A lab in the UK has confirmed an outbreak of bluetongue serotype 8 in the sheep population, it was reported on Monday.
Bluetongue is an insect-borne, viral disease of ruminants, mainly sheep and less frequently cattle, goats, buffalo, deer, dromedaries, and antelope. It is caused by the Bluetongue virus (BTV), which is transmitted by midges. The disease has 26 serotypes.
According to CNA, the veterinary service said the disease had been confirmed after samples sent to the UK were tested.
Until now, only serotypes 4 and 16 have ever been recorded in Cyprus and because of acquired immunity there have been no cases of clinical symptoms in decades. The disease was first diagnosed in Cyprus in 1924 and it can be fatal to sheep.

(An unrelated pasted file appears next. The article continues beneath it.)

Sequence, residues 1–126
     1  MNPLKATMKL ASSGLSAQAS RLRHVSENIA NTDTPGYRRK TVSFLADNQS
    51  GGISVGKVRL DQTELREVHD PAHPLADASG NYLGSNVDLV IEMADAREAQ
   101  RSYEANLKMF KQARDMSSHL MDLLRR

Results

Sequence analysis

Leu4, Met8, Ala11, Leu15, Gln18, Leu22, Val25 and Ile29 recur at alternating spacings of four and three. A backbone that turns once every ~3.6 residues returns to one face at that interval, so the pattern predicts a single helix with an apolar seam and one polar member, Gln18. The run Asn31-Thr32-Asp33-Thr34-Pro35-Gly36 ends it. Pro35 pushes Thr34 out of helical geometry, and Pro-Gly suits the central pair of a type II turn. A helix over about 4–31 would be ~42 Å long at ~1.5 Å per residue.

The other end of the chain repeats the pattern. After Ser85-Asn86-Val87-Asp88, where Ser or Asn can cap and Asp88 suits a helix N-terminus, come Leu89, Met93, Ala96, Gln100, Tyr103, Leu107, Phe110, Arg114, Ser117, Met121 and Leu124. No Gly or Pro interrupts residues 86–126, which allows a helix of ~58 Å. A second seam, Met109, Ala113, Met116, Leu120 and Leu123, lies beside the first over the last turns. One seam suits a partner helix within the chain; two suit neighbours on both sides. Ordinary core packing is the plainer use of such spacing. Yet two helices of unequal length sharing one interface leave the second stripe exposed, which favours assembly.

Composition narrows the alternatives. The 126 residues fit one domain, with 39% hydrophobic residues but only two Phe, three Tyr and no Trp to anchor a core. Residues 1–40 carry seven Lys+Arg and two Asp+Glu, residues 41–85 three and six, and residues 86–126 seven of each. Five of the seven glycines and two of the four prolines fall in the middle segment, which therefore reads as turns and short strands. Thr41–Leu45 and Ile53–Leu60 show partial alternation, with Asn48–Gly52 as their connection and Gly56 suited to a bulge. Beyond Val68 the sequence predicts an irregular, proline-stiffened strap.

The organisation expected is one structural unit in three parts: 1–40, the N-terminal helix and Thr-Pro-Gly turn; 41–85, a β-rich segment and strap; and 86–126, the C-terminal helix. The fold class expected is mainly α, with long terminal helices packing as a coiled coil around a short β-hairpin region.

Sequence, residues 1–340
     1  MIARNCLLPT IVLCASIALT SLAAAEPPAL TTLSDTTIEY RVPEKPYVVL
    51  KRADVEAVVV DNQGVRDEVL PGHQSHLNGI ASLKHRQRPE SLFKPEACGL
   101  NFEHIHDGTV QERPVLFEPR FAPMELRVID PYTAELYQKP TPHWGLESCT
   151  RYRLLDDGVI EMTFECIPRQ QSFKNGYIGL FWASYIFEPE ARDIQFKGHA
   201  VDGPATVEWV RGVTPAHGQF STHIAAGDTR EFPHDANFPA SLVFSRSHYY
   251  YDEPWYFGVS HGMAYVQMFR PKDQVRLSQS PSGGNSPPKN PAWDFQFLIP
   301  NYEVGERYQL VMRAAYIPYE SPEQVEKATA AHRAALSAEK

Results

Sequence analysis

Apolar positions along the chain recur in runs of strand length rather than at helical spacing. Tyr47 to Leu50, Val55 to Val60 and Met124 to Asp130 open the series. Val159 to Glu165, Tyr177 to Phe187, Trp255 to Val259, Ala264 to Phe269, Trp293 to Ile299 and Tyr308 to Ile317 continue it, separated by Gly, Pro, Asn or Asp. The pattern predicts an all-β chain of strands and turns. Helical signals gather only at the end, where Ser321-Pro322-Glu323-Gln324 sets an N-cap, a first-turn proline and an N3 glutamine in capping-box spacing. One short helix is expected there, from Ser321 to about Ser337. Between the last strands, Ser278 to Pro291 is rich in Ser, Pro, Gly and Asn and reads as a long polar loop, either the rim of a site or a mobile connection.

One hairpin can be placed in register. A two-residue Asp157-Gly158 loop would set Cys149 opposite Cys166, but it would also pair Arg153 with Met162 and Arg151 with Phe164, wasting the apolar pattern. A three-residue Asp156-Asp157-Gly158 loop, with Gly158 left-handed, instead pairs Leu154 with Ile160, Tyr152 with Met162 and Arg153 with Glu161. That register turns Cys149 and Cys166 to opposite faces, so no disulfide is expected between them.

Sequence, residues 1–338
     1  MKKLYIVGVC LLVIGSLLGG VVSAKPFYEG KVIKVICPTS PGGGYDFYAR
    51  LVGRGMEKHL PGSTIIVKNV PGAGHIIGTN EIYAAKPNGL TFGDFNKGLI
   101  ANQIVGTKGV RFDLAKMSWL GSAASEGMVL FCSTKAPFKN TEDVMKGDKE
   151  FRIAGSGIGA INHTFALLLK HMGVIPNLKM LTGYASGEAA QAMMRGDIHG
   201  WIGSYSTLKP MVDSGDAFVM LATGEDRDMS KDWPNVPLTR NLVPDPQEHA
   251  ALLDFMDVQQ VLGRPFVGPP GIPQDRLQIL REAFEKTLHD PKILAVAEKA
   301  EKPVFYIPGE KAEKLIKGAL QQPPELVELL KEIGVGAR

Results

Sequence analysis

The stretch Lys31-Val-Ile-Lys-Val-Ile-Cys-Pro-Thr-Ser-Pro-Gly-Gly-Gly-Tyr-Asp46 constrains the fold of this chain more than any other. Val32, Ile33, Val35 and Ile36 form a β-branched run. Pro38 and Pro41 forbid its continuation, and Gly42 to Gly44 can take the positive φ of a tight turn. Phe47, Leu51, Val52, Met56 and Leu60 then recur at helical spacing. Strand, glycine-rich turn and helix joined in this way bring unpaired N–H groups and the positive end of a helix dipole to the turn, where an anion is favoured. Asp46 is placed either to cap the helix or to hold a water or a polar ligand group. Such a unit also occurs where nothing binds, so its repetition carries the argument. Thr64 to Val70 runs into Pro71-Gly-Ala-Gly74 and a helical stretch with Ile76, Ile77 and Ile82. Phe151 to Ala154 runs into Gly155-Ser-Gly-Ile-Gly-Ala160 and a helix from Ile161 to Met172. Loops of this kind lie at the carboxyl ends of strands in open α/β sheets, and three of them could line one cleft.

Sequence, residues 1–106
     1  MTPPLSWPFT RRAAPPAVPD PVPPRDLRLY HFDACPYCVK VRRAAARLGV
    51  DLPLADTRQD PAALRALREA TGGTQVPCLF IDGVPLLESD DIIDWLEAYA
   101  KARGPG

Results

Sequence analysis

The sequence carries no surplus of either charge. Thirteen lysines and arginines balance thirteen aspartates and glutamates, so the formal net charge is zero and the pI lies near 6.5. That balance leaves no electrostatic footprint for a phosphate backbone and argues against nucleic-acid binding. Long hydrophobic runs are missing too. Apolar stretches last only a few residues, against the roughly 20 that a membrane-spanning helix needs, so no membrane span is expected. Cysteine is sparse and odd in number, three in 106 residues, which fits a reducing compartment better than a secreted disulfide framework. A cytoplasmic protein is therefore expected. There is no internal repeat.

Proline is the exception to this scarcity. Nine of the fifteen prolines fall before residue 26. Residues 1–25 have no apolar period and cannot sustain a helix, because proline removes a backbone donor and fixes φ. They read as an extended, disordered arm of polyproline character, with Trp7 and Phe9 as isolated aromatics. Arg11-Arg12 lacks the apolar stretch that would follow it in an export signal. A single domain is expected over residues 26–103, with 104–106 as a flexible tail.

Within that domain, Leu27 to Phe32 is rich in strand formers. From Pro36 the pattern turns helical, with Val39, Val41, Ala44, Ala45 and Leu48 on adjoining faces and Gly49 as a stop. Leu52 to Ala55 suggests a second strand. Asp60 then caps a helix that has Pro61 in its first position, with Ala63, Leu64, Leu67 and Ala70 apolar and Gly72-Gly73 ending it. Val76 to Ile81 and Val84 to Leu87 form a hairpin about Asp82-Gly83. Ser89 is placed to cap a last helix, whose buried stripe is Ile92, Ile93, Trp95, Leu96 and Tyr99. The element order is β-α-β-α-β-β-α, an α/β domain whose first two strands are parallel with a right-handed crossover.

France is currently undergoing a major outbreak.
The veterinary service said it was working to eradicate the disease in line with EU regulations and those of the World Organisation for Animal Health.
Treatment includes insecticide against the midge population and vaccines. Antibiotics cannot cure the disease, only treat some of the symptoms, the veterinary service said.